Paleo vs. Vegan Diet — the Pros & Cons

[Below is my transcript of my video about the Paleo vs. vegan diet, along with supplemental information on the topic.]

In this video, I’m going to settle the debate of Paleo vs. vegan diet, and really go over all the benefits of going Paleo and maybe some of the cons. While I don’t eat a Paleo diet, it’s close … and I’ll explain why.

I’m also going to discuss the vegan diet, its great benefits as well as the cons of going that way. Many people ask if they should become a vegan or vegetarian, so I will weigh in.

I think that some of these answers are probably going to surprise you and enlighten you on those two diets.


The Paleo Diet

So let’s first talk about the Paleo diet, one of the most popular diets in CrossFit workout circles and, really, just growing around the country. The Paleo diet is modeled after what our ancient (specifically, Paleolithic) ancestors would have eaten thousands upon thousands of years ago.

And while I don’t actually love the term, Paleo, because of some of its background and the things it’s suggesting, I do think the Paleo concept of going grain-free can be greatly beneficial.

The Paleo concept is essentially thinking about what would a hunter and gatherer have eaten during that time. As a result, the big positive with Paleo is that you’re consuming a lot of wild-caught meats that are some of the best omega-3 foods as well as protein foods. Plus, you’re getting fruits and vegetables, so for that reason, the Paleo diet can be great.

The con with the Paleo diet is that for most of the people that follow it, they tend to consume probably a little bit too much meat, in my opinion, as well as some toxic animal substances. Plus, they really do not stress organic in that diet. For example, I’ve known people on the Paleo diet where their diet consisted of consuming conventional butter and fried bacon — if you eat that every meal, it could be considered a Paleo diet.

So again, the Paleo diet’s major benefits in terms of following that hunter-gatherer lifestyle, you’re getting more minerals, more omega-3 fats, more protein and more healthy fats overall in your diet. In fact, if you follow the Paleo diet in the right way, it’s been shown to help improve autoimmune illness and support weight loss.

The other thing is, some in the Paleo community recommend eating a lot of shrimp and pork. From the research that I’ve seen, both from ancient texts as well as modern-day science, pork carries parasites — it’s why you should avoid pork — and shrimp are bottom feeders.

In fact, according to the Water Watch Survey, shrimp nutrition facts are pretty scary. Researchers found that shrimp were by far the most toxic of all animals of the sea, way more toxic than tilapia, catfish and a lot of the farm fish today — shrimp was the worst.

As you can see, there are some cons with the Paleo diet, but overall, there are a lot of benefits of following that type of diet.


The Vegan Diet

Let’s talk about the vegan diet, which provide huge benefits of more enzymes, more vitamins and more minerals in your diet. When you look at raw vs. cooked foods, for instance, you’ll often see that raw food retains more nutritive value.

In general, vegan diets or doing a raw plant-based diet are so beneficial for improving energy levels, alkalizing your body, and reversing certain types of disease and certain types of cancer.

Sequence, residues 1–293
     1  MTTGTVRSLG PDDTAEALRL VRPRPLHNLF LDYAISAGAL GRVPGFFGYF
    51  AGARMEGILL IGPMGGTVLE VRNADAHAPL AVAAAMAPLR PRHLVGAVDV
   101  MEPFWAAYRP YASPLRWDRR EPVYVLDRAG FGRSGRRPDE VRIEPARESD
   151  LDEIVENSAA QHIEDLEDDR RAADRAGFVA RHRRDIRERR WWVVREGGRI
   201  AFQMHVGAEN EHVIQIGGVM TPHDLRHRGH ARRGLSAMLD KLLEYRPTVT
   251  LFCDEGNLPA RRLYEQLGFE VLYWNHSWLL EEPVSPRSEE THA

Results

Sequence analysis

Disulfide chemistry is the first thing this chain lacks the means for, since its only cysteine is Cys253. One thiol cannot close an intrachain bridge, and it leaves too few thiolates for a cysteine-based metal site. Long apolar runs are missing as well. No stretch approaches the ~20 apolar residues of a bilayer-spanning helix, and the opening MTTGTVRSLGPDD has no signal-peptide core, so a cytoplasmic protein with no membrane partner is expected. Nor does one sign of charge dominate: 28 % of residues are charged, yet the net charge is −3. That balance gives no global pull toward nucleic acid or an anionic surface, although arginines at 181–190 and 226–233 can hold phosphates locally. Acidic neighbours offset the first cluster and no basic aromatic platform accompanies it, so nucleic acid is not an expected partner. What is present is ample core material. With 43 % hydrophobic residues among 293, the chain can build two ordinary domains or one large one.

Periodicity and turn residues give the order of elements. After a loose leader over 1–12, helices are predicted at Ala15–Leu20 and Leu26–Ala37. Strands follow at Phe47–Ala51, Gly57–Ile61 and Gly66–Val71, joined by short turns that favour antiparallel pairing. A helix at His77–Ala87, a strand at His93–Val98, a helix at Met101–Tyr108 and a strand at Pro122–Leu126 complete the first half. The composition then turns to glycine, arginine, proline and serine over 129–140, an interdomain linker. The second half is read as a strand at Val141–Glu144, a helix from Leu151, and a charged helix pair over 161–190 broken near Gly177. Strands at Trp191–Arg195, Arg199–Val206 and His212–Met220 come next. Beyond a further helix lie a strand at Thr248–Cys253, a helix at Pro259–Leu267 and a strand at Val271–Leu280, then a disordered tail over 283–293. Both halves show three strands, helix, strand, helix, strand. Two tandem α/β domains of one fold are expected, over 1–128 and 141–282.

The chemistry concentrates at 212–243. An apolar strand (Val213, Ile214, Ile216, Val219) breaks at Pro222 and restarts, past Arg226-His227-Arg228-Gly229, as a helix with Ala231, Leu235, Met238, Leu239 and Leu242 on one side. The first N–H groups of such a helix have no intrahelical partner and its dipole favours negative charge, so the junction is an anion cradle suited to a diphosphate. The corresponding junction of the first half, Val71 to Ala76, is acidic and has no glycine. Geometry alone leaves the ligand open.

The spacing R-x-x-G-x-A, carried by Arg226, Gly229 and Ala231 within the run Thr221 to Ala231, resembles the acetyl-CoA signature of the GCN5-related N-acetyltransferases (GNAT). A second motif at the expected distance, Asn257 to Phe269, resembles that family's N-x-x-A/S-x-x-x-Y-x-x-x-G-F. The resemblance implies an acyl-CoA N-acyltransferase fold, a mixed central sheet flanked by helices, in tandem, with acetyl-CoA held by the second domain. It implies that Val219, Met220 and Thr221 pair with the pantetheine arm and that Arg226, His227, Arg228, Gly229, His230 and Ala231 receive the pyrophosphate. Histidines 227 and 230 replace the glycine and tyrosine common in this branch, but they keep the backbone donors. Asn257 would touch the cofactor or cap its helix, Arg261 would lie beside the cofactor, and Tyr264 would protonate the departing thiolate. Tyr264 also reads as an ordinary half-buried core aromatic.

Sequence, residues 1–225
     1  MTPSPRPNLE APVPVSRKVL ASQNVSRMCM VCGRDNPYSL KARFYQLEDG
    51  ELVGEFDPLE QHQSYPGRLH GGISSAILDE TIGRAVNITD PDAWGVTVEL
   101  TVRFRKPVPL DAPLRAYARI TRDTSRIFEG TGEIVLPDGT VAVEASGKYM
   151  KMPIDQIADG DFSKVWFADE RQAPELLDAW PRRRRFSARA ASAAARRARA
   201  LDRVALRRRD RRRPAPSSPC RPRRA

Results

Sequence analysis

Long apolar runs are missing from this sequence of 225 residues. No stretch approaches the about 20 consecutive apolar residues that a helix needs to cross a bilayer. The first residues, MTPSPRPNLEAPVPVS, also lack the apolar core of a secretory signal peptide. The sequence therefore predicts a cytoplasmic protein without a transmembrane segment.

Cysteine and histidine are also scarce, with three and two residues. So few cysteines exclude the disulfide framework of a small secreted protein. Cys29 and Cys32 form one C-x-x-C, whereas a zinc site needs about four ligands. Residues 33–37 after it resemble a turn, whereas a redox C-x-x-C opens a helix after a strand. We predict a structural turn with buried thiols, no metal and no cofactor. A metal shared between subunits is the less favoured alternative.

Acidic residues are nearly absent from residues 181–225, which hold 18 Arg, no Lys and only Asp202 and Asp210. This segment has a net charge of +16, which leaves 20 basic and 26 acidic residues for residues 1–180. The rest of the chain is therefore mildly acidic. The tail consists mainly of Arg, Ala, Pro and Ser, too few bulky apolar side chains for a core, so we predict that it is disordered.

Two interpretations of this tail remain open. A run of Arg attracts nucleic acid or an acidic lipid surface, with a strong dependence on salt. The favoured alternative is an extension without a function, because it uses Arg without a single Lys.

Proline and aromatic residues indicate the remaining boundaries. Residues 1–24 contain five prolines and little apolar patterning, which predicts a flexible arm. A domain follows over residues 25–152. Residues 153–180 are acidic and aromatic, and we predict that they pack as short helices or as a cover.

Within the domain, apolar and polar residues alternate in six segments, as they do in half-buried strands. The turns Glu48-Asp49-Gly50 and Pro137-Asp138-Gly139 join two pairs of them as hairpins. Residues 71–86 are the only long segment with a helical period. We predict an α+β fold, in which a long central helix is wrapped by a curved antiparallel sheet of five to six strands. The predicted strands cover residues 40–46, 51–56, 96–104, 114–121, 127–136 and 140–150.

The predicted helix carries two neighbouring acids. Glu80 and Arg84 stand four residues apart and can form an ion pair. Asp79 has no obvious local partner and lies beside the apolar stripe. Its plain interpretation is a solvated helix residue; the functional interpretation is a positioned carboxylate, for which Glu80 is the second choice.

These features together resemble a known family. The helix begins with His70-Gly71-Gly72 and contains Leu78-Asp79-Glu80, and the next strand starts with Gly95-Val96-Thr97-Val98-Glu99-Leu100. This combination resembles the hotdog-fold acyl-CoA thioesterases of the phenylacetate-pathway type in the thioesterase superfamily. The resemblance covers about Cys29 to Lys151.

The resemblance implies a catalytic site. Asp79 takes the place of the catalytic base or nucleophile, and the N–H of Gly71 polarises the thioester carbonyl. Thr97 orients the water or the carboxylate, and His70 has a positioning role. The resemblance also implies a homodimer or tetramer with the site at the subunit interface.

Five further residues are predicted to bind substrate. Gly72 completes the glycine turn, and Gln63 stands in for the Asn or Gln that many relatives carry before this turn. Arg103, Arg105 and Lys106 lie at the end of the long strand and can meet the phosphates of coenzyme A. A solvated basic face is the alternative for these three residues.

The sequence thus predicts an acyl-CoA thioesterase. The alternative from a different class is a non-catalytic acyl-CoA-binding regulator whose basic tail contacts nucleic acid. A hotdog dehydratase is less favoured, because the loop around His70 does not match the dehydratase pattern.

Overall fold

The issue is doing a vegan diet long term. Now, I’m not talking about for a few weeks or two weeks or a month. But if you stay on that the majority of your life, you cannot get enough benefit-rich vitamin B12, and then it’s very difficult to get the proper amount of amino acids and zinc and certain other nutrients, such as vitamin D, in your diet from consuming a vegan diet.

While most vegans realize this, they still tend to be very deficient in B vitamins and the right type of amino acids. Yes, you can address those deficiencies by taking a good, quality vitamin B12 supplement or a B complex supplement, as well as supplementing with protein powders. Nonetheless, following a strict vegan diet is going to leave you with deficiencies.

Now, I do want to say that there are different types of vegetarian diets that add in things like eggs and raw organic dairy products and wild-caught fish, like a pescatarian. You can follow those types of vegetarian diets and be absolutely healthy and have no deficiencies whatsoever.

And let me say this as well: There are some vegans that live to be over 100 years old, and they addressed their deficiencies. Their digestive system was healthy enough that it helped produce B vitamins for them. So again, you can follow being a vegan and live to be over 100. There are people that have been hunter-gatherers who also lived to be well over 100.


The Verdict & Other Diets

Now, if I’m comparing the Paleo vs. vegan diet and I had to choose for my entire life to follow one of the two diets, I would actually choose the Paleo diet regime before the vegan diet.

Personally, my favorite diet is following more of a traditional diet or a GAPS diet. A traditional diet, which is really what our ancestors ate, wasn’t just Paleo. You know, this diet is more than 6,000 years old, where you’re also consuming grass-fed dairy like benefit-rich kefir; plus, you’re getting in a lot of vegetables and wild meats. It’s kind of everything. This is what’s promoted by organizations like the Weston A. Price Foundation. That’s the diet I personally follow and love. And when it comes to healing, the GAPS diet is another great diet for you to look into.

Read Next: The Healing Foods Diet

Josh Axe

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